Estherville Daily News from Estherville, Iowa on January 30, 1973 · Page 4
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January 30, 1973

Estherville Daily News from Estherville, Iowa · Page 4

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Estherville, Iowa
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Tuesday, January 30, 1973
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Page 4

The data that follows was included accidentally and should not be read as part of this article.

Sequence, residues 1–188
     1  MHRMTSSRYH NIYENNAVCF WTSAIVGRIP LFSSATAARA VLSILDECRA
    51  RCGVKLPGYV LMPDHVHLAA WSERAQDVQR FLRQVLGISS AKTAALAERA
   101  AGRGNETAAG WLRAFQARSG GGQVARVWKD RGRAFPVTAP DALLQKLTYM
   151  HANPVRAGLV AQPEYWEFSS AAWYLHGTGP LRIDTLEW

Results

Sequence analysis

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Around the Rotunda Criticize Highway Funds BY HARRISON WEBER IOWA DAILY PRESS ASSN. DES MOINES - (IDPA) — Governor Robert Ray's budget is being criticized in some quarters because it doesn't place enough emphasis on highway construction. One critic is Rep. Richard Wclden, R- lowa Falls, who says if the governor continues to reduce the highway program it will be necessary for the legislature to increase the gasoline tax. What is drawing Welden's wrath is the fact Ray's budget is predicated on placing certain moneys into the state general fund that used to go into the road use tax fund. About S14-to-Sl. r > million a year is involved. In order to balance the state budget, the 1971 legislature followed Governor Ray's suggestion by placing a portion of the sales tax collections (two-thirds of 10 per cent") into the general fund. At the time, recalled Welden, the highway commission had a sizable cash surplus. "But it costs more to build a highway now and the highway commission doesn't have the surplus it used to have; consequently, this (governor's budget recommendation') could result in a reduction to the commission's construction program," Welden charged. The former contractor is also worried about the possible ramifications of a Department of Transportation if such an agency is created by the Legislature. "1 don't see where he (Ray) has touched on this in his budget message," Rep. Welden commented. The veteran lawmaker notes that positive action by this legislative body will be required in order to continue putting the sales tax in question into the state's gansral fund. Welden, for one, obviously is opposed to doing that. How much support Welden will have remains to be seen. Report from the Iowa House 3y State Representative Terry E. Branstad Eighth District (R) An open hearing of the House Agriculture Committee will be held in the near future on the railroad car shortage for transporting grain; I requested this hearing. We have come a long way in making people aware of this problem, but I am convinced that we are only going to get action if we keep the pressure on and increase pub! c awareness of this crisis. Unless a substantial increase in the number of railroad grain cars is made available to our elevators in the near future, our area and the state will suffer a potentially disasterous economic impact. The time and place for the open hearing has not been set on the writing of this newsletter. An effort will be made to see that all railroads which serve Iowa have a representative present and it is also the sentiment of the Agriculture Committee that a spokesman for the Credit Commodity Corporation and the United State Department of Agriculture in Washington, D.C. be present to answer questions on the shipping orders of sealed corn. The House and Senate passed a resolution expressing our sorrow at the death of former President Lyndon B. Johnson. On Thursday we had a joint Beaaion of the House and Senate and Governor Ray delivered the eulogy. The Governor delivered his third address to the legislature, his budget message. Governor Ray emphasized the three priorities: 1) property tax relief, )2 relief to the elderly, and 3) greater aid to education. The Governor's budget message gave us his recommendations as to how to implement these priorities by appropriations and legislative enactment. The realization of these three main goals will affect nearly every Iowan. Many people are interested in when educational television will be available to our area. I discussed this matter with John Montgomery, the director of Iowa Educational T.V. and Radio Network. Construction of the tower and other necessary facilities to serve our area is planned for 1974 and completion for the fall of 1975. The reason for the delay in arrival of educational T.V. in our area is due to the fact that it is dependent on matching federal funds and the federal funds are granted on the basis of total population served. During the week you can get in touch with me at the House of Representatives, State Capitol, Des Moines, Iowa 50319. U you would like to talk to me during. the session, I can be reached by calling * 515-281-3221. AILY NEWS An independent newspaper published "Monday through Friday," except principal holidays, excluding February 22 and Veterans Day. Second class postage paid at Estherville, Iowa. Published by the Estherville Daily News, Division of Mid-America Publishing Corp., 10 N. 7th St., Estherville, Iowa 51334. Subscription rates: City of Estherville, Armstrong, Ringsted, Terril and Graettinger, delivered by carrier, 60 cents per week; $7.80 for 3 months, $15.60 for 6 months, $29.70 year. By mail in Emmet and bordering counties: $15.60 year, Zones 1-8, $19.50 year. Fred E. Williams, Publisher; Charles Ostheimer, Managing Editor; Richard Myers, Advertising Director; Gladys Streiff, Business Manager; DonaldStoffel, Production Manager. Member of Associated Press, Iowa Daily Press Association, Iowa Press Association. Photos submitted to this newspaper will not be returned by mail. However, they may be picked up at the Daily News Office. "Stop That! You'll Be the Death of the Economy!" ESTHERVILLE DAILY NEWS, TUES., JAN. 30, 1973 Page 4 By Hal Boyle Memory's Haunted House NEW YORK AP house. Memory is a haunted But is is a friendly house. Yesterday's voices echo in the rooms, cheerfully retelling the good news of yesterday. Yesterday's people walk up its stairs, exchanging hellos and talking of things that happened long ago, and warmingtheir hands by the glow of vanished fires on the dusty old hearth. Some think of it as a strange and eerie place, this haunted housed of memory, and perhaps it is wise not to dwell therein too long or visit too often. But few who go in there and stay a while emerge without feeling more refreshed and somewhat less lonely than before. And all who live must spend part of their lives in that house. There is probably quite a bit of traffic in your own house of memory if you can look back and remember when: Most people were kind of glad to have dandelions in their lawn. They made the spring seem more cheerful. There was always one tight-wad old uncle in the family, and when you and poor folks sometimes dropped by his house on a Sunday afternoon to cheer him up when he was feeling low, he'd pour a single small round of drinks for all then put the bottle back in the closet for good. Only an act of God could make him pour UU/MU By Don Oakley Good Word Put in for Medication a second round — and God never acted. Maurice Chevalier, fresh from Paris with his bow tie, easy smile and jaunty .straw hat, brightened the American theatrical scene. He made us think and feel that all Frenchmen were that way—full- spirited, happy and affable. A juvenile delinquent was a kid who picked a second scab off a skinned knee after his mother had told him not to pick it off the first time. Whatever you ran out of in your house, you knew you could always run next door and borrow a cup of it from a neighbor lady. The exception was gin. The musical instruments of choice among boys were the saxophone and the drums, whoever heard of anybody wanting to play the guitar? The banjo? Si. The guitar. Never. There was one thing that would always draw a crowd anywhere in America — a dog fight. And you could usually see one at least every other week while simply going about your business. Pleasurers were more innocent. Every member of the family was home most nights, and all had fun simply making fudge in, the kitchen or toasting marshmallows in the fireplace. Those were the days — remember? One of those truths we take for granted these days is that we live in a drug-oriented, overmedicated society. Deluged with drug advertising on television, watching their parents pop aspirins and tranquilizers, it's only natural that kids — who are apparently incapable of independent, rational thought — stick needles in their veins. Or so it is explained by many experts. But while an undetermined number of people use medications excessively, "at the same time, another undetermined but certainly greater number of people who should be on medications ignore them because they don't get medical attention, can't afford it, refuse it, fail to get prescriptions filled, endure pain needlessly in accordance with the Puritan ethic, or are being educated to equate drug use with personal failings." So writes C. Joseph Stetler in a letter to Science, submitting the novel conclusion that "on balance, then, we are probably an undermedicated society." ' He adds that critics give''little atteritloWto the present gains drug therapy affords society in lives saved, illnesses aborted or relieved, hospital stays shortened or prevented entirely, time saved on the job, etc.—all of incalculable human and economic benefit. Stetler writes as a representative of the Pharmaceutical Manufacturers Association, a fact which in some eyes will cast suspicion on anything he might say about drugs. It is always useful, however, to question accepted wisdom, if only to keep the wise men in touch with reality. A Word on Boys Will Be Boys This thing about "sexism" in the schools works two ways. It may be true that teacher expectations, peer-group pressure and textbooks extolling male achievements force little girls into "inferior" feminine roles they would not otherwise have chosen. But the dice aren't entirely loaded in favor of boys. Grade school teachers reprimand boys more frequently than girls, charges child psychologist Bruno Bettelheim. "One can imagine how a boy feels about himself, the school and the teacher," he writes in Ladies' Home Jour­ nal, "when he observes that boys are reprimanded nine times as frequently as girls. "If he is at all observant, he must come to the conclusion that while the school highly approves of behavior that comes naturally to girls, it rejects what comes equally naturally to boys. Thus, many boys are made academic failures by the very institution which should teach academics to them." Lib types can object, of course, that sweetness, obedience and decorum are no more natural to girls than boisterousness is natural to boys. According to them, such behavioral differences are learned and artificial. Perhaps they will admit, though, that at times it can be pretty tough practicing to be a male chauvinist. A Cold Car Seat Is a Peril A cold auto seat, the kind you encounter when you get into a parked car on a frigid winter morning, is more than unpleasant. It can cause all kinds of trouble, from backaches to rheumatism to kidney problems. So says the 1973 edition of Baer's Agricultural Almanac, quoting Swedish experts, who ought to know something about frigid winters. Not only does a cold car seat cause aches and pains; it also lessens the driver's skill at the wheel, the Swedes declare, bringing on a loss df ability to make judgments, a decline in the sense of feeling and a drop in precision of muscular activity. One Swedish auto manufacturer provides electric heating for the seat through a wiring system activitated when the ignition key is turned on. This phenomenon sounds like something new for the venerable almanac, published by John Baer's Sons of Lancaster, Pa., and "a useful guide and entertaining companion for farmer, suburbanite and city-dweller" for the past 148 years. Then again, those open-air buggy seats must have been a mite shocking to our ancestors on frosty mornings back in the last century. (NEWSPAPER ENTERPRISE ASSN.) Today in History SGT. STRIPES... FOREVER by Bill Howrilla THE BORN LOSER Today is Tuesday, Jan. 30, the 30th day of 1973. There are 335 days left in the year. Today's highlight in history: On this date in 1933, Adolf Hitler became Chancellor of Germany. On this date: In 1649, King Charles I of England was beheaded. Ten years ago: It was disclosed in Washington that the United States was preparing to offer proposals to partition Kashmir if negotiations between India and Pakistan over the disputed territory failed to yield concrete results. Five years ago: U.S. forces in Saigon crushed a seven-hour enemy attack against the American embassy. One year ago: In Northern Ireland, British troops killed 13 civilians during rioting in Londonberry. Today's birthdays: Actress Vanessa Redgrave is 36. Actor John Ireland is 58. Thought for today: Shallow men believe in luck—Ralph Waldo Emerson, American writer, 1803-1882. by Art Sanson* CARNIVAL ?<MiD RxiND N04C by Dick Tumtr open up i rr&Me, SIDE GLANCES J-30 by Gill Fox "Er ... did I understand you to aay 'parte unknown'? 1 ' * NU. TAt I* U.I, M. OH. WINTHROP by Dkk CavalU I'LL. Be THE- IMBMaTlAL, MED1ATOR INTHI© ARGUMENT.. MOU OUST TAKE IT BASV, HONEV. ST J g> Ml tT MA, l«, T,M. •««. U.t, M, OX. AND WE'LL LET THIS \CHOT TELL Hie UNBELIEVABLE ©IDE OF THE STORV. u c IF HE'S AN IMPARTIAL MEDIATOR, I'M HARRY VON ZELL. THE BADGE GUYS by Bowan & Schwars WERE BEING GIVEN ONE OF THE NEWER PmOLCARZ 10 USE. "Your oup runnoth ovtr ... right, ravorond?" IT ONLV HAS 123,000 MILES ON IT. © IWH, MIA, IK, I I